New Income and Poverty Data Underscores Administration’s Failure to Respond to the Economic Struggles of Low- and Middle-Class Families
Yesterday, the Census Bureau released the 2004 numbers on income, poverty and health insurance coverage in the United States. Although the Census referred to the figures as signs of economic stability, the numbers actually showed that the weak economic situation of America’s middle-class families continued. Incomes of typical middle-class families were at their lowest level since 1997, another 1.1 million people slid into poverty, and an additional 860,000 people were without health insurance (there would have been more had not lower incomes meant that more people qualified for Medicaid). Hence, perhaps the biggest story from yesterday’s report was that there really was no “new” news. For four years running, the data have shown continued economic weaknesses for America’s middle-class families, with little indication that they will end anytime soon. Yet, in the face of widespread economic troubles, the Bush administration has pursued policies that have benefited the fortunate few rather than America’s middle class.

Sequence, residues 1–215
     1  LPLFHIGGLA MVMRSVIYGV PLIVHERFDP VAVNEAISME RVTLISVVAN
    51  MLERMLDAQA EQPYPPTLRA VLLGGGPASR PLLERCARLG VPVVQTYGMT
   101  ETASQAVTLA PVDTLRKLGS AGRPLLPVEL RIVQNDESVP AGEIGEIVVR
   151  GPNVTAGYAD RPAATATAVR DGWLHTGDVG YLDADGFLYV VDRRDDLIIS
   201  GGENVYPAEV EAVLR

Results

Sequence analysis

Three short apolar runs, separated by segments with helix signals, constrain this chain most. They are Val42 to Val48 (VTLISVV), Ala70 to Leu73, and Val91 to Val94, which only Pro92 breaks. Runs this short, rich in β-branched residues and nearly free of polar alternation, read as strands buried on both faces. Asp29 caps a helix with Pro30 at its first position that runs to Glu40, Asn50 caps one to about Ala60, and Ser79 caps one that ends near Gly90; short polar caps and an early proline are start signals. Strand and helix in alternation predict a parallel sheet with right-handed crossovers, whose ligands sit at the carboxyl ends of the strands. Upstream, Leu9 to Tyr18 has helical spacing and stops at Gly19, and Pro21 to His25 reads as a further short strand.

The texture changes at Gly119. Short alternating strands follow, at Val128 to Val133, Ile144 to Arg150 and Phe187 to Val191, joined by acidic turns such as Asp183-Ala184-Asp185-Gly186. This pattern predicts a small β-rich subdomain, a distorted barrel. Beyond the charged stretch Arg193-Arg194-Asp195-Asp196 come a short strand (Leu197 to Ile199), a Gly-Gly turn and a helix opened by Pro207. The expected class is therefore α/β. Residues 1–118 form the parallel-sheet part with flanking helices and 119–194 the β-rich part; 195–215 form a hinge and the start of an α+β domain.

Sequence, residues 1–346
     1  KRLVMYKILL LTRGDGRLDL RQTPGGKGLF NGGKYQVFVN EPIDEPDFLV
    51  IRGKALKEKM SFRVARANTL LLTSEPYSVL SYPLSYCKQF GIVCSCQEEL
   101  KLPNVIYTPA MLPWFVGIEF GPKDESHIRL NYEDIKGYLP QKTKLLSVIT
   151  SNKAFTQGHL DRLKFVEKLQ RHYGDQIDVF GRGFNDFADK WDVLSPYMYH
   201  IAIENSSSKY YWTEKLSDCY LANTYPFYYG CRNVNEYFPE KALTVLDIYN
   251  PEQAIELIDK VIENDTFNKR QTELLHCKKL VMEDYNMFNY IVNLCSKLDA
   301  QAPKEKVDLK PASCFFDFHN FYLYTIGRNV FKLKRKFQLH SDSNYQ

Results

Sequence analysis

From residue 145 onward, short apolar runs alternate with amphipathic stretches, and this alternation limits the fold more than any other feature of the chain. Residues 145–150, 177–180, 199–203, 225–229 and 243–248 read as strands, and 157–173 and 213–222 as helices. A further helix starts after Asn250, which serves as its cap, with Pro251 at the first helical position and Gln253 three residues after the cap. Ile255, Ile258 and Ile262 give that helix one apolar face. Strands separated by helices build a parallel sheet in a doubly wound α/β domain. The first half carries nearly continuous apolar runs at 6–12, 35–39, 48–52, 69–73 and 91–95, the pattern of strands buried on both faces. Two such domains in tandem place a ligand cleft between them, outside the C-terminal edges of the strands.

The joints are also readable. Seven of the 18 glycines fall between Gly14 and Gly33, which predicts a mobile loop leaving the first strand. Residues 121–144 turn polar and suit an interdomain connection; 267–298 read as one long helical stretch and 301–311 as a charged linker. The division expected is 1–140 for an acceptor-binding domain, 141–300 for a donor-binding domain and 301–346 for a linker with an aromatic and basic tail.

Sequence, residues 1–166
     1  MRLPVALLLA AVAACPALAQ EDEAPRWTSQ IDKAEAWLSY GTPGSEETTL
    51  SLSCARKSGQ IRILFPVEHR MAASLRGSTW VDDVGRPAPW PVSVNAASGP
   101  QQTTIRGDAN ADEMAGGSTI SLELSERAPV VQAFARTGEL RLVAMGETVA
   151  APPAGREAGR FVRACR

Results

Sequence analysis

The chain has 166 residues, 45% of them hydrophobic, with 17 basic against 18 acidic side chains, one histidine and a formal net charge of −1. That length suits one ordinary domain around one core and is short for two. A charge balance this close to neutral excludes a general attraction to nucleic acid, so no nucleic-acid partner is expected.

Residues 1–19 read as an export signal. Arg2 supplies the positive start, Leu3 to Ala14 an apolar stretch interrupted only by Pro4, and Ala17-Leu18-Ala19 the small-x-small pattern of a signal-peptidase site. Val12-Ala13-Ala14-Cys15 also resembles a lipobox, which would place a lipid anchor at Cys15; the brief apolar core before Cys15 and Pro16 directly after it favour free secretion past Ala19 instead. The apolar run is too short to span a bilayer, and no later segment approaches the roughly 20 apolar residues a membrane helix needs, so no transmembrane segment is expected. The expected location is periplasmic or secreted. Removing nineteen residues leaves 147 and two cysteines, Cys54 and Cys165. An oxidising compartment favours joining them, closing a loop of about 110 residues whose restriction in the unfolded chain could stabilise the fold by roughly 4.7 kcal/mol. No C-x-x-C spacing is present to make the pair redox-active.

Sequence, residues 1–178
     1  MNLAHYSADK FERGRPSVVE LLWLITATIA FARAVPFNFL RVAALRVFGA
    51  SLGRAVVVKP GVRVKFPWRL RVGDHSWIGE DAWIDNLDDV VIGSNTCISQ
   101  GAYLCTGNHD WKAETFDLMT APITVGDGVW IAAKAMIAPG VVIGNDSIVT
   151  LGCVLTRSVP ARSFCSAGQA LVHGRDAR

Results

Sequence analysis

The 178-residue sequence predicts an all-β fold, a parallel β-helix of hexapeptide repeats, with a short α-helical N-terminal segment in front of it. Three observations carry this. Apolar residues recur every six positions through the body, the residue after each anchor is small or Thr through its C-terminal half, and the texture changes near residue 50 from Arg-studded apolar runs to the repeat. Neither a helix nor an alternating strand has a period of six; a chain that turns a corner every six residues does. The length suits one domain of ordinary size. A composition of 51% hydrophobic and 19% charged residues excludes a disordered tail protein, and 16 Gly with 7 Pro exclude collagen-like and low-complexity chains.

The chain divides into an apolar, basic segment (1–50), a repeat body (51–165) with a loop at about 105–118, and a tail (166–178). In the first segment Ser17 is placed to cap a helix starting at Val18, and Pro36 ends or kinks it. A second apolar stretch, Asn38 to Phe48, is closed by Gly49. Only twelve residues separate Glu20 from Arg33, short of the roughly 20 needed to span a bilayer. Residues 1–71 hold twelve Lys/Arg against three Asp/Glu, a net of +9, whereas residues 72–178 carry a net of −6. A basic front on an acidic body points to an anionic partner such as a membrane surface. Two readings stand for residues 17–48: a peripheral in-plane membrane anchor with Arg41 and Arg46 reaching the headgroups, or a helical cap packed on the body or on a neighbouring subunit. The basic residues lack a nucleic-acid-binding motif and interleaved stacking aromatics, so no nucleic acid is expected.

For the fifth consecutive year, real median household income failed to increase, settling in at $44,389, its lowest level since 1997. This is the only time since 1967 (the first year for which data are available) that median household income failed to increase for five consecutive years. The lack of income growth mirrors the weak labor market. By the end of 2004, the share of the population that was employed was lower than at the start of the business cycle in March 2001 and even less than at the start of the current recovery in November 2001. As of July 2005 this remained unchanged. In addition, private sector employment just reached its pre-recession levels again in May 2005 – more than four years later. At the same time, wages remained stagnant. Yesterday’s Census figures show that in 2004 the inflation-adjusted earnings for full-time, year-round workers declined for both men and women, with male earnings falling almost $1,000 and female earnings dropping by $327.
Outcomes, however, were distributed unevenly. For instance, incomes for African Americans declined by 1.0 percent in 2004, while those of Asian Americans and Hispanics rose. In addition, the share of aggregate income received by the 40 percent of families with the lowest incomes remained at its lowest levels since 1967 (the first year for which data are available) with 12.1 percent. By contrast, the share of aggregate income going to the 20 percent of families with the highest incomes grew to 50.1 percent, a record high reached on only one other occasion (in 2001).
The flip side of the continued concentration of income at the top of the economic ladder is that poverty expanded. In 2004, the number of people living in poverty reached 37 million, an increase of 1.1 million since 2003 and 5.4 million since 2000. This was enough to raise the poverty rate from 12.5 percent to 12.7 percent, its highest level since 1998. Among the poor, an additional 161,000 children slipped into poverty, raising their poverty rate to 17.8 percent – its highest level since 1998.